Sven Oftedahl, who was a professor at Augsburg Seminary and a President of the Lutheran Free Church (predecessor of the AFLC) called the annual conference the “powerhouse” of the denomination. What fuels that power? In my opinion, it is prayer.
If you attend an AFLC conference, you will be given many opportunities for prayer. The daily meetings begin with a devotion given by one of the pastors, and of course, a prayer. Each committee report ends with a prayer for the activities, the people, the needs and the hopes of that particular ministry. During committee reports, there is also time for anyone attending to comment, make suggestions, or pray. Sometimes a prayer request will be given to those leading the conference — maybe because someone has been taken ill, or a difficulty has come up–in that case, we stop to pray for that situation. There are also regular prayer breaks throughout the day, when we gather in small groups with those around us to pray together. Of course, there is prayer before meal breaks, and prayer during the evening worship services.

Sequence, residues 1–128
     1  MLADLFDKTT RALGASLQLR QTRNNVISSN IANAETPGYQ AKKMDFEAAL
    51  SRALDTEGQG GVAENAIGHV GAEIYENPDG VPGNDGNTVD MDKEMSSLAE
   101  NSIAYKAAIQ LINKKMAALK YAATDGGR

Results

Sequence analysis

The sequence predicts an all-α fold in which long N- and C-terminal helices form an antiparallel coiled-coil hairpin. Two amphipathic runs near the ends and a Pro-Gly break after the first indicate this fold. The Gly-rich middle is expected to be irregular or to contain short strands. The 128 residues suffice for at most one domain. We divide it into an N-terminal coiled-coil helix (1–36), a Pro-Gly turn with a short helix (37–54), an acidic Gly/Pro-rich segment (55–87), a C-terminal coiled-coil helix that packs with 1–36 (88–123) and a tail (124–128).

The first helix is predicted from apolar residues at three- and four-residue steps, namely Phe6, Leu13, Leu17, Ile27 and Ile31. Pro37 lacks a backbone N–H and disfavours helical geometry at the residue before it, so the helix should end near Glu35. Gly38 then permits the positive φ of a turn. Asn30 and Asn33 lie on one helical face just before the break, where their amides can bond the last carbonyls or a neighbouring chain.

What is the result? Well, there is remarkably little conflict. People get to know one another. Prayer creates a bond that continues even when the conference ends. As congregations, I think we could all take a page out of the AFLC’s book — the more we pray together, the closer we will be to one another and to God. So, pray, pray, pray.
“ They devoted themselves to the apostles’ teaching and to fellowship, to the breaking of bread and to prayer.” Acts 2 42
For more posts about prayer see: